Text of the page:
Written by Meteorologist Chris SpearsDENVER (CBS4) – Several CBS4 viewers caught a really cool cloud formation late Friday evening over Breckenridge.

Stacy Nicholson & Skip Wood, visiting Colorado from Moorhead, Minnesota, wrote saying they’ve never seen anything like it.

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These clouds are known as Kelvin-Helmholtz instability clouds, named for Lord Kelvin and Hermann von Helmholtz, and they are formed due to wind shear in the atmosphere.

Wind shear is a change in either speed, direction, or both over a short distance.

The wind shear creates waves in the flow of air and when there is enough moisture present to make a cloud, the result is little rolling eddies seen along the top of the cloud.

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These eddies are usually evenly spaced and easily identifiable and often don’t last too long.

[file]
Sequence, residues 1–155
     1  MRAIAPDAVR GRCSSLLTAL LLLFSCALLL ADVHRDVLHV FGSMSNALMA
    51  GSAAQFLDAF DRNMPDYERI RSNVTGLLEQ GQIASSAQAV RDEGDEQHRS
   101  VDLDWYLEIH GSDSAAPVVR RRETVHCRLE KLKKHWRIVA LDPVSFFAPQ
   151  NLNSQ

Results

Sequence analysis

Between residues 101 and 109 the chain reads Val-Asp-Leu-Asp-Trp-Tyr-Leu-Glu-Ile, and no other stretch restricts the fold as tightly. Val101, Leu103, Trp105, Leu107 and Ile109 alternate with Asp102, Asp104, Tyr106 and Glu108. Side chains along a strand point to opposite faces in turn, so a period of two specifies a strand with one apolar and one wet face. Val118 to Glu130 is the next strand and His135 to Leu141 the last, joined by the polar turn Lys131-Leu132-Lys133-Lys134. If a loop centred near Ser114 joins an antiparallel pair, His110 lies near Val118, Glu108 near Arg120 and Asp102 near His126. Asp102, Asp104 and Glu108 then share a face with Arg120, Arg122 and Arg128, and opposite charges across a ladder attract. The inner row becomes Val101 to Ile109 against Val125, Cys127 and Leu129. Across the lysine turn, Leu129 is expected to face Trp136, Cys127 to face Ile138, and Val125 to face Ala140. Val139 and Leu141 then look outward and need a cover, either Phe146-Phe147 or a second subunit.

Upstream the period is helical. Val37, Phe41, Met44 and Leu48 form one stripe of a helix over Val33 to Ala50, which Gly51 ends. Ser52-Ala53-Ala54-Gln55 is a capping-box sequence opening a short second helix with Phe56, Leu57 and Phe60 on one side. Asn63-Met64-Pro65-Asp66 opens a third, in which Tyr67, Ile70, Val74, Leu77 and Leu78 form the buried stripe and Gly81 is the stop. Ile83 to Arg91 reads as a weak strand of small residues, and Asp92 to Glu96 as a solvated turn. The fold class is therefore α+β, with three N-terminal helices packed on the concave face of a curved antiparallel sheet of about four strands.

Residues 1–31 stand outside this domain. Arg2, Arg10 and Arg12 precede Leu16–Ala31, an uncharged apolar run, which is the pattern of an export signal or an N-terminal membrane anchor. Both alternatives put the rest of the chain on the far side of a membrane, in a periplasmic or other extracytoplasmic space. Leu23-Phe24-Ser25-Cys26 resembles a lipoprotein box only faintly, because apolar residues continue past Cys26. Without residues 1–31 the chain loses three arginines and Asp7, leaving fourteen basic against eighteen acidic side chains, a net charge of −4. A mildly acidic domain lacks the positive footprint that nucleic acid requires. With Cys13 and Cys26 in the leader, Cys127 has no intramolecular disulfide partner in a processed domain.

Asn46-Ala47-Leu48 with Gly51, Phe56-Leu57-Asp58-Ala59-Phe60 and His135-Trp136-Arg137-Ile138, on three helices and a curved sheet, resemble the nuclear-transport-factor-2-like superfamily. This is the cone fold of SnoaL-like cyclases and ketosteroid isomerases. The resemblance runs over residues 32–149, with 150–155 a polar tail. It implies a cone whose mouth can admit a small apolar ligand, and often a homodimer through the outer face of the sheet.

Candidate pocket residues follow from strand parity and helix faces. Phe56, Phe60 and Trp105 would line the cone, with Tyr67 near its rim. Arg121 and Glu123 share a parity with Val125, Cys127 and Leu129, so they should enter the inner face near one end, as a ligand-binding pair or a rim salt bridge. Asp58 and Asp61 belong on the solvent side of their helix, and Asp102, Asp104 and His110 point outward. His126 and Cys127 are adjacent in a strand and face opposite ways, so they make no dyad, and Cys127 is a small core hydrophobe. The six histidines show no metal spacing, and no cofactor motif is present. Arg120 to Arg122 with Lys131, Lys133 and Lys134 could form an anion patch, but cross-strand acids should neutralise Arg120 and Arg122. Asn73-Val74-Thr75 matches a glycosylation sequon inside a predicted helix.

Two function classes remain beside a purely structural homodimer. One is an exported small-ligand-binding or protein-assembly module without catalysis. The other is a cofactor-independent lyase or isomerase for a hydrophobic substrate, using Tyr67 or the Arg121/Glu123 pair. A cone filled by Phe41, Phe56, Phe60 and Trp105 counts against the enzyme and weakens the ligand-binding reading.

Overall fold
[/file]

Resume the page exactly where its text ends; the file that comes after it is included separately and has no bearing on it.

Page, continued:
Kelvin-Helmholtz instability clouds are most commonly seen in mountainous areas and they indicate extreme turbulence for aircraft.

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Meteorologist Chris Spears writes about stories related to weather and climate in Colorado. Check out his bio, connect with him on Facebook or follow him on Twitter @ChrisCBS4.